Power describes your ability to generate force quickly, an important quality if you are involved in sports. Throwing a baseball, kicking a soccer ball, sprinting and jumping are all examples of power activities, and there are exercises and drills you can use to help develop power. When training for power, quality of movement is more important than quantity of repetitions. Perform short sets with maximal intensity interspersed with rests that are long enough for you to work at maximum intensity during each set you perform.
Squat jumps develop power in your lower body and will improve your vertical leap. Stand with your feet shoulder width apart and your hands by your sides. Bend your knees, push your butt back and descend into a squat position while simultaneously swinging your arms behind you. Dynamically swing your arms forward, and leap straight up into the air getting as much hang time as you can. On landing, bend your knees to absorb the impact and descend into another repetition.
A favorite of boxers, clapping pushups will develop your upper body's pushing and punching power. Adopt a regular pushup position with your hands below your shoulders, abs tight and head, hips and heels forming a straight line. Bend your arms, and lower your chest to the floor. Immediately extend your arms and drive your upper body off the floor so that your hands leave the ground. While you are in mid-air, clap your hands. As you descend, extend your arms and land on slightly bent elbows to absorb the impact. Bend your arms, lower your chest to the floor and repeat the exercise.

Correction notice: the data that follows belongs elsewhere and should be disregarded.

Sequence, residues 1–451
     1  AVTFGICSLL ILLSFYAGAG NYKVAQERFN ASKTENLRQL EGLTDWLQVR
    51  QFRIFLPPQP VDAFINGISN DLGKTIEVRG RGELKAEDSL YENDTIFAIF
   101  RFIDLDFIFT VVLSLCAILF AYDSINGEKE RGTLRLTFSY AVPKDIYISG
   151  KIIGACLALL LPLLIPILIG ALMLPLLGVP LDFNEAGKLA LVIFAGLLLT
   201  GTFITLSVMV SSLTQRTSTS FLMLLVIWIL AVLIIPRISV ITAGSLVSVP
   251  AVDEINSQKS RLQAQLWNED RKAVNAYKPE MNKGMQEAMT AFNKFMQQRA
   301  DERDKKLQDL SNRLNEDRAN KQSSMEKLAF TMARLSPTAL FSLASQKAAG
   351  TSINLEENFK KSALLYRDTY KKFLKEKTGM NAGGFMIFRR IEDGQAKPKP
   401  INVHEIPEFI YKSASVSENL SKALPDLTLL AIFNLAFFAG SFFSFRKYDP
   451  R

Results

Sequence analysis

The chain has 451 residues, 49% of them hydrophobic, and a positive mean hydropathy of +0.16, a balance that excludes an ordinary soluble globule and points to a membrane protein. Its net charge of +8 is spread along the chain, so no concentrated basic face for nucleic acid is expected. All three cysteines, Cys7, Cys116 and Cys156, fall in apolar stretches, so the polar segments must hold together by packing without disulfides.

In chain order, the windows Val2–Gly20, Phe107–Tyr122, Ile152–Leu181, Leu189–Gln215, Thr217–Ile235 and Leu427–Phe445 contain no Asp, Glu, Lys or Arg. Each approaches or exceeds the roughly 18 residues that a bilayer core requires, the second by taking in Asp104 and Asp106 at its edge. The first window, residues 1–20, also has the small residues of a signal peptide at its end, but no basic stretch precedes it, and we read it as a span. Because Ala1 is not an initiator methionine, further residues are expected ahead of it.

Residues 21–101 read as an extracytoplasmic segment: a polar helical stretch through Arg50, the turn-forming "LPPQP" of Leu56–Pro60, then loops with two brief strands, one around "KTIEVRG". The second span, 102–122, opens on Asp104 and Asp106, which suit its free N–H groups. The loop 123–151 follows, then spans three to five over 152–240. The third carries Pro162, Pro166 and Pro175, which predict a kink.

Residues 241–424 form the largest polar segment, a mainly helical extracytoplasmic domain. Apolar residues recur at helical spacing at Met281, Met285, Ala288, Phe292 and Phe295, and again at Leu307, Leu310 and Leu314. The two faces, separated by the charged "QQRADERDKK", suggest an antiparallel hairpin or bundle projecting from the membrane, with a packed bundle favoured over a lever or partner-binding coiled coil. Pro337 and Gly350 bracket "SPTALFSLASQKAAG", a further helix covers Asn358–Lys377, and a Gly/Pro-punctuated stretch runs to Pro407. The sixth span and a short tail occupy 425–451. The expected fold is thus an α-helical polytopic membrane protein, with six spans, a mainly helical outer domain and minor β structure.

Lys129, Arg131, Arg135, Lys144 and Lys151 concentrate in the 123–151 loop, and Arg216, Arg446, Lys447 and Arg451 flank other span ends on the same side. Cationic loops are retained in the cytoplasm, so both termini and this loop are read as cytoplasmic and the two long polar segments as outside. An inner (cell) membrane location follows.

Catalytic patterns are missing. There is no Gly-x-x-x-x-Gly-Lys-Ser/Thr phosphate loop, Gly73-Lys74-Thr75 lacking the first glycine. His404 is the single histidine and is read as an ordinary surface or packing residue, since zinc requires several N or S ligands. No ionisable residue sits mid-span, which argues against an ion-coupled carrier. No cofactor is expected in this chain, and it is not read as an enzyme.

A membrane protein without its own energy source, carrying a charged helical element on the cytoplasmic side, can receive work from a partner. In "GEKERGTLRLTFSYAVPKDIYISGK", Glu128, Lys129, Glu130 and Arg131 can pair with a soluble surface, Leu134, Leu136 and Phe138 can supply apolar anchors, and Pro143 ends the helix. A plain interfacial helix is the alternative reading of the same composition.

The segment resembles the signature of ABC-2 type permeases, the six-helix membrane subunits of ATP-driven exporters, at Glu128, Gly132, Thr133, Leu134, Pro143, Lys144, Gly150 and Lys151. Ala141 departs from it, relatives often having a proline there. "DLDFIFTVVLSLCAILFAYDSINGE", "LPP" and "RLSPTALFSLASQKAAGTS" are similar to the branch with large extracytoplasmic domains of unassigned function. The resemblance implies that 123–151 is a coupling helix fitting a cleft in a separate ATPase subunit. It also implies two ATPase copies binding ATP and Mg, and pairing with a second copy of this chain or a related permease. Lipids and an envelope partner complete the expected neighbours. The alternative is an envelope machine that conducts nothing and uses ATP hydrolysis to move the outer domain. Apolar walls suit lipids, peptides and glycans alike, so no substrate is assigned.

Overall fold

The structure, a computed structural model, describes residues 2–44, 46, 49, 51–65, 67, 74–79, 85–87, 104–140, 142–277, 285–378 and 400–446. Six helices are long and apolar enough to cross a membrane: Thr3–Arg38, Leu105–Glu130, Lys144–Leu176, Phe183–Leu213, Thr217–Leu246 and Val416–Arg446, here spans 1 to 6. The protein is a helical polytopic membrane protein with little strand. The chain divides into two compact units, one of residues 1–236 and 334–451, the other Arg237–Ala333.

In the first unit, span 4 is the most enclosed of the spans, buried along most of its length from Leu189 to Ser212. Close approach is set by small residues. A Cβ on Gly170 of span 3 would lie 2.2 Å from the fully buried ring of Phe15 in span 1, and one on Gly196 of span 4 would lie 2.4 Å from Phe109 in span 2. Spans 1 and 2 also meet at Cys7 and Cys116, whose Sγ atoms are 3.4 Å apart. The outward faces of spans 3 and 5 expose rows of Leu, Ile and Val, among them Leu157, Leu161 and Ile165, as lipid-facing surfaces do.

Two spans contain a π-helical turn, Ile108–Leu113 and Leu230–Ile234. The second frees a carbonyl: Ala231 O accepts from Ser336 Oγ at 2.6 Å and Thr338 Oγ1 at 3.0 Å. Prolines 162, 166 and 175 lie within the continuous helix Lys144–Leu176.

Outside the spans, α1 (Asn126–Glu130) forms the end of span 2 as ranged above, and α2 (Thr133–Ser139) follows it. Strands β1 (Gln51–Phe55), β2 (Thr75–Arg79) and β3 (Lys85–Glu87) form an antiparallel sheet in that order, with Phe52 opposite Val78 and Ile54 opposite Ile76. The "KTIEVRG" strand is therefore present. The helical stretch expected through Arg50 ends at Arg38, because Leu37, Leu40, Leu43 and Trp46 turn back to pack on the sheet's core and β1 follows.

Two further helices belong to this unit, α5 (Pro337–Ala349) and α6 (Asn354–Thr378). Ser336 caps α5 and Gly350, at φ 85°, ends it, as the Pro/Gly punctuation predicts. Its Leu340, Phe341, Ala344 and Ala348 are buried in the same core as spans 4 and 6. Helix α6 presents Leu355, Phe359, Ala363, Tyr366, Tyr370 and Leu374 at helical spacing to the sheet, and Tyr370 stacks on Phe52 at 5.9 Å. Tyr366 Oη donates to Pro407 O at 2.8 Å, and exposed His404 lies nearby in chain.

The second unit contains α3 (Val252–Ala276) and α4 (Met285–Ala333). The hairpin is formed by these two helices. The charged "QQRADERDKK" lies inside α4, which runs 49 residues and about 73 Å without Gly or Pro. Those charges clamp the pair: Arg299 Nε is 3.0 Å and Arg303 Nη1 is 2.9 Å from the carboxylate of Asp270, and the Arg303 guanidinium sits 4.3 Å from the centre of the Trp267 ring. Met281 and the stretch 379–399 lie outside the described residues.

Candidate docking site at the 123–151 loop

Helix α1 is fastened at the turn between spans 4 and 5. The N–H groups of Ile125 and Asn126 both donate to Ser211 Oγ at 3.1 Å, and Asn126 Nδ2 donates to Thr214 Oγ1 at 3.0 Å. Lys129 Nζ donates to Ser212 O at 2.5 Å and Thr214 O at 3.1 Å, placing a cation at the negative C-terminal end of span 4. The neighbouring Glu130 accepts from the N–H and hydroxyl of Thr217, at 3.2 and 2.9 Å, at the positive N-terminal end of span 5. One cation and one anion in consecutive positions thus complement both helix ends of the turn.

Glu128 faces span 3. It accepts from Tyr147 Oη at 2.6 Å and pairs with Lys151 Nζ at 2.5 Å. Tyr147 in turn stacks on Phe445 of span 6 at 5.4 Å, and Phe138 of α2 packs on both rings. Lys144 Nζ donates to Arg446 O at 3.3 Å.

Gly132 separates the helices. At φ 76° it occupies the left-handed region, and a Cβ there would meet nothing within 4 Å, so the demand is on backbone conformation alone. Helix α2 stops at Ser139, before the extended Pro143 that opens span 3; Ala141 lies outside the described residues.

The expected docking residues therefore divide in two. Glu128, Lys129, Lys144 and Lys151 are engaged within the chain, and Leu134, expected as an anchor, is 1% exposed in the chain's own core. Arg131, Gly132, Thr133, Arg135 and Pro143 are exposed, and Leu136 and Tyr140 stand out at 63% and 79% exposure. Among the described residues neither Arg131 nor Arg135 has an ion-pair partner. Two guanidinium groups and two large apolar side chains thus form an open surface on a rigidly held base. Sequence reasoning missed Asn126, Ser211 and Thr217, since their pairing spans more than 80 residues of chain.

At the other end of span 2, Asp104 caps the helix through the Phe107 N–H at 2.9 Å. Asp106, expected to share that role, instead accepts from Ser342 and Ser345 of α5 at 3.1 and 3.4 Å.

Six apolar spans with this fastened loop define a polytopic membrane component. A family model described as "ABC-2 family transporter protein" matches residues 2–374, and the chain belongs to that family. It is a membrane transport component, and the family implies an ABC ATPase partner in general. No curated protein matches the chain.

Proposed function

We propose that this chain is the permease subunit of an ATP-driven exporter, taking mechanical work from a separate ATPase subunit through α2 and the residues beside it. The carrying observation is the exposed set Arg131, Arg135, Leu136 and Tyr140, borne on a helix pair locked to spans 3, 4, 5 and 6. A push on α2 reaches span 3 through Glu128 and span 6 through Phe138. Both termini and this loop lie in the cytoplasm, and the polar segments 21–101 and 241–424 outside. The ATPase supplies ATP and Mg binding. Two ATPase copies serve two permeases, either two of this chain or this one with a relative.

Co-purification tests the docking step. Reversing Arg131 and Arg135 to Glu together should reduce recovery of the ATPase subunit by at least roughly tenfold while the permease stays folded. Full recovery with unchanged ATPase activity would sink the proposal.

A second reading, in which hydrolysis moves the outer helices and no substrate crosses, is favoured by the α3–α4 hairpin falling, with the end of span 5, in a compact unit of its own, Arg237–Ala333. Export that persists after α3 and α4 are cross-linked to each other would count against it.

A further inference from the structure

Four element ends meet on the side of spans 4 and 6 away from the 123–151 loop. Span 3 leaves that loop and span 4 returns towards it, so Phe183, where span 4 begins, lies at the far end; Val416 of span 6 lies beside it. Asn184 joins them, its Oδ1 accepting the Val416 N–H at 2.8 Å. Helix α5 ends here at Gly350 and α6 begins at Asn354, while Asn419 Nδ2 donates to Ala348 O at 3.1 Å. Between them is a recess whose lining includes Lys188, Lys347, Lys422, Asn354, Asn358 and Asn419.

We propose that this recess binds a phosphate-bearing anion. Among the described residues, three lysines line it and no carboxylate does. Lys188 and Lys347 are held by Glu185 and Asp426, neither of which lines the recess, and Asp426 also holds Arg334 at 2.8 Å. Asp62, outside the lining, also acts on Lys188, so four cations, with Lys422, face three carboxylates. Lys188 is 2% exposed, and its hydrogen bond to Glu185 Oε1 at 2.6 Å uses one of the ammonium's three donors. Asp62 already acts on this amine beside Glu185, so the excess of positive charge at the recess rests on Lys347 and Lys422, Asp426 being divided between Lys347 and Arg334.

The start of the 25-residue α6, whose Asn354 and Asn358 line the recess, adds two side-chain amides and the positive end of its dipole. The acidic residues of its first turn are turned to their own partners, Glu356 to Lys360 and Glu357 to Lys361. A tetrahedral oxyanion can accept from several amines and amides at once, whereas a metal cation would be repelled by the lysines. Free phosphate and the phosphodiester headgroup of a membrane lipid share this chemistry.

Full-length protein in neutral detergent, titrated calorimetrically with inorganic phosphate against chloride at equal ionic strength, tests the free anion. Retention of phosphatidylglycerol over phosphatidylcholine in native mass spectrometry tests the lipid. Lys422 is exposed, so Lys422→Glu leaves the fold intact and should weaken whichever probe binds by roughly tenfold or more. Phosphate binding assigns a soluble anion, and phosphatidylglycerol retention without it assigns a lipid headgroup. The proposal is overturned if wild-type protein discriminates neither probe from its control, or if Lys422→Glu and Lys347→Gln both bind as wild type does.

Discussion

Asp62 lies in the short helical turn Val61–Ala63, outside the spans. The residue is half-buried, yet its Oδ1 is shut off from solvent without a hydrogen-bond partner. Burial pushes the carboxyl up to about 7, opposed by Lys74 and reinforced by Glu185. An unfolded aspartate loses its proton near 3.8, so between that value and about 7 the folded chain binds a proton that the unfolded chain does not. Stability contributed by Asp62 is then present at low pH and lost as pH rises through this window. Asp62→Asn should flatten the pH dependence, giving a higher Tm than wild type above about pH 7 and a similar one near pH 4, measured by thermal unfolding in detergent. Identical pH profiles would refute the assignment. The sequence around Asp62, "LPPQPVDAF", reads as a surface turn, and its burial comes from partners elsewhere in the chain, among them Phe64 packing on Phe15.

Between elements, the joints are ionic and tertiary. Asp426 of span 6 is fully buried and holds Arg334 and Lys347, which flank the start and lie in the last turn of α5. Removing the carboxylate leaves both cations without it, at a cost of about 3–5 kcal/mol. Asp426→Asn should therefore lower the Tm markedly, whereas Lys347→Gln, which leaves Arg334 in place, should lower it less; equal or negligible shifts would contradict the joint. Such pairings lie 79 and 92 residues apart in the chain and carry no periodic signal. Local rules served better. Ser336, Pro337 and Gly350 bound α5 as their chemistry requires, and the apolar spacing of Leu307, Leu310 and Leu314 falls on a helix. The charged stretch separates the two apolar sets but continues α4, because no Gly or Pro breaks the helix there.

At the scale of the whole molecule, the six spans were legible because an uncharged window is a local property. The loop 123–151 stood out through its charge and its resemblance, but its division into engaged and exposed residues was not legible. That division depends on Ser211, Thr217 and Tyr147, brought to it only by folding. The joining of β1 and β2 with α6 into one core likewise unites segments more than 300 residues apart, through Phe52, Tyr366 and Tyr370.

Medicine Ball Overhead Throws
This will increase your whole-body power, but it puts a particular focus on your hamstrings, glutes and lower back. These muscles often work together in jumping and sprinting movements. Stand with your feet shoulder width apart astride a medicine ball. Push your hips back, bend your knees and bend down. Grasp the underside of the medicine ball with both hands. Keeping your arms straight, dynamically extend your knees, hips back and arms to throw the medicine ball up overhead and behind you; aim for height and distance. Walk to where the ball landed, and repeat the exercise.
Two-Footed Hurdle Jumps
This drill will increase your vertical jumping ability. Place five to 10 knee-high agility hurdles in a row at three-foot intervals. Make sure the hurdles will topple over easily if you hit them. Stand at the start with your feet together and your hands by your sides. Bend your knees and descend into a quarter-depth squat. Using your arms for extra momentum, jump upwards and forwards over the first hurdle. On landing, immediately spring into another jump to clear the next hurdle. Continue jumping until you have cleared the entire run of hurdles.
To get the most from this drill, imagine the ground is hot, and try to minimize ground contact. Make each jump reactive so you are trying to go straight from the landing into another jump.
- High-Performance Sports Conditioning" Bill Faran
- High-Performance Training for Track and Field; William J. Bowerman and William H. Freeman
- Plyometric Exercises with the Medicine Ball; Donald A. Chu